From Mahler's "Jauchzet auf!" to Wagner's "Wach' auf!" and Verdi's "Plebe! Patrizi! Popolo!", you couldn't move for exclamation marks in the first few days of the Proms.
By Wednesday night, season ticket holders had scaled the Alps, quelled a Genovese rebellion, resisted a Spanish invasion, and witnessed the humiliation of a lovestruck Bavarian critic. Yet it was the quietest notes of the week that most beguiled.
Chopin's Nocturnes do not require exclamation marks. Played by Maria Joao Pires, in Prom 7, they seemed not to need any audience, let alone one of several thousand. These somnambulist arias for solo piano melt into ellipses, their dynamics shaded from the faintest pianississimo to a cool mezzo forte, their mood abstracted. Pires has little interest in performance – a polite bow indicates she is aware of her public. The dialogue is between her and the music.
Delicate but never fey, Pires's E flat major Nocturne (Opus 9, No 2) is a gentle waltz between ex-lovers, its shivering trills explicitly sexual, the F major (Opus 15, No 1) a wistful orchestral sketch. The second Nocturne from the same set has a troubled, furtive quality, while the third vacillates between girlish fantasy and subdued melancholy. In Opus 27, her C sharp minor Nocturne acquired Beethovenian tartness, the D flat major, honeyed warmth. Opus 62 and 72 demand a more extrovert approach, yet here too the bel canto ornamentation was understated, while the Lento con gran espressione became a miniature Requiem. Elegantly shaped and articulated, with the most distinctive response to the colours of individual keys, this was a revelatory, intimate reading.
If Pires wins the prize for the softest notes to be played in the first week of the Proms, Simon Trpceski comes a close second. Monday's performance of Rachmaninov's Second Piano Concerto with Vasily Petrenko and the Royal Liverpool Philharmonic Orchestra (Prom 4) was crisp and confident from the agonised gasp of the opening chords to the pellucid arpeggios of the Adagio and the taut, athletic finale. Petrenko is more partner than accompanist in this work, carefully establishing and maintaining dramatic tension through the aching melodies and deft counterpoint. I remain unpersuaded by Mahler's orchestration of Schumann's Manfred overture, but Tchaikovsky's symphony on the same subject was thrillingly realised – all silk and angst and tambourine-shaking demons.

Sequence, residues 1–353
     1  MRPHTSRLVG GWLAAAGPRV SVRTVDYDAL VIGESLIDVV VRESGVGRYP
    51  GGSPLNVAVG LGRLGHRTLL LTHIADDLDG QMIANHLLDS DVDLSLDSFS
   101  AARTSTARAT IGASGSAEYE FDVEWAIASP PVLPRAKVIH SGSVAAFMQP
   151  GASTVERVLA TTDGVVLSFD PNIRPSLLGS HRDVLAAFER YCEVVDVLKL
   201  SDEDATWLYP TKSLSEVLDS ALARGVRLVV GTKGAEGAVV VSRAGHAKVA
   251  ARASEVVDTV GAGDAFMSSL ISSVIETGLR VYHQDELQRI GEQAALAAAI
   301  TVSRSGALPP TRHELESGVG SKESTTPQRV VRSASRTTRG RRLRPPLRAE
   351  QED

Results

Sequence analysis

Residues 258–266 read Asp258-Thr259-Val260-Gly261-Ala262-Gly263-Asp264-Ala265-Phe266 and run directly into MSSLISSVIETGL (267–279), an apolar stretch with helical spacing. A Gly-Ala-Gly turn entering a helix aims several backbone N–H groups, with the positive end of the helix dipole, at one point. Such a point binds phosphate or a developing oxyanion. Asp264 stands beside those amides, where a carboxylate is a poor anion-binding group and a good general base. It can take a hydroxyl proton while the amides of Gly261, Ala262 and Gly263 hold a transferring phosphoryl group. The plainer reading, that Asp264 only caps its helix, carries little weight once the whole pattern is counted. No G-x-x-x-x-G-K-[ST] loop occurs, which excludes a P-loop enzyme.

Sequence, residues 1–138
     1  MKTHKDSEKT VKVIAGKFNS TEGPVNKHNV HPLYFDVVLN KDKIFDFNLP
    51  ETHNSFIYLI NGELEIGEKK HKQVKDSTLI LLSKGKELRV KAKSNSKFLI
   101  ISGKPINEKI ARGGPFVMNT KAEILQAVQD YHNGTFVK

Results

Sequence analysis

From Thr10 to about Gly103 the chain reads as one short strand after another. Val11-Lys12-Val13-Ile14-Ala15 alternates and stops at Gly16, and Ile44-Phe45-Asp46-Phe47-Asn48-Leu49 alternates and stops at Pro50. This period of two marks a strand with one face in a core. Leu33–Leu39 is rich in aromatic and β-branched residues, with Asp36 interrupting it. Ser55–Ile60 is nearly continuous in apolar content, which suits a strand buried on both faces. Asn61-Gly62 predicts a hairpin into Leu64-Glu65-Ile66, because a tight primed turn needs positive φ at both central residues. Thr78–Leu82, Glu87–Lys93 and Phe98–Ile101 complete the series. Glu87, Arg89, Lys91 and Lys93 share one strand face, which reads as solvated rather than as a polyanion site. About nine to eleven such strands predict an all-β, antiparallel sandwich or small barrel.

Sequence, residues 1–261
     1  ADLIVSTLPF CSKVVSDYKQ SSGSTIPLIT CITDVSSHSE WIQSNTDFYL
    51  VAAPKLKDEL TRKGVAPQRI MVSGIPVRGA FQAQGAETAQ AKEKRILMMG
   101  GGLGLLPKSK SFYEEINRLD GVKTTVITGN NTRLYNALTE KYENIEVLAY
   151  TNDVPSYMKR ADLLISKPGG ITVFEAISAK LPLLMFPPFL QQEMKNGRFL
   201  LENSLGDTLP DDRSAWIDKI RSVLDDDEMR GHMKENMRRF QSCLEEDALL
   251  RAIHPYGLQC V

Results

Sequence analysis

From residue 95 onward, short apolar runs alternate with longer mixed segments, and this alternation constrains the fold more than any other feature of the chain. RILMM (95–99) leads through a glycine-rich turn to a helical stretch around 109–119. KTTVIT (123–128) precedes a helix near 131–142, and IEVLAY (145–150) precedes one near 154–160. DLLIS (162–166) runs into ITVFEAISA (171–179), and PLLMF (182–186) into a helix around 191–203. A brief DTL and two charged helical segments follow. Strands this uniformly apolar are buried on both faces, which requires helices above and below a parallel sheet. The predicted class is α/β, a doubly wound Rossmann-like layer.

Staged in the round and performed in Amanda Holden's translation, Harry Fehr's pretty, witty production of The Elixir of Love for Blackheath Halls Community Opera propelled Donizetti's romcom into rural 1940s Britain, with a 100-strong chorus of land girls, fire wardens, home guards and schoolchildren, and some bunting, sandwiches and scones for the wedding party. In a neat twist to the first scene, Nicholas Sharratt's Nemorino is a bookish romantic whose copy of Tristan and Isolde is snatched and roundly mocked by Elena Xanthoudakis's Adina – giving her something concrete to regret and him some much-needed intellectual clout.
You can fill a hall with friends and relatives, but holding their attention – from the texting teens to the cognoscenti – takes skill. Fehr's movement direction was excellent, making full and lively use of the hall while not losing focus on the lovers. Robert Poulton's whisky-swigging spiv of a Dulcamara arrived on a bicycle, while US Army Sergeant Belcore (Grant Doyle) had pockets full of sweets to keep the children quiet. Every member of the chorus seemed to know exactly who they were supposed to be, and each one developed with the story.
Despite some unforgiving speeds from conductor Nicholas Jenkins, the orchestra played with style and spirit, with particularly fine work from the flute and harp. The women's semi-chorus, led by Helen Bailey's Giannetta, was excellent. Having promised a furtive tear last week, I managed rather more than one. Xanthou-dakis's transformation from brittle tease to heartbroken penitent was deeply affecting, and Sharrat's Act II aria simply lovely. Elixir was Blackheath's fifth production. At this rate, their sixth will be a must-see.
Anna Picard returns to Holland Park for Verdi's La forza del destino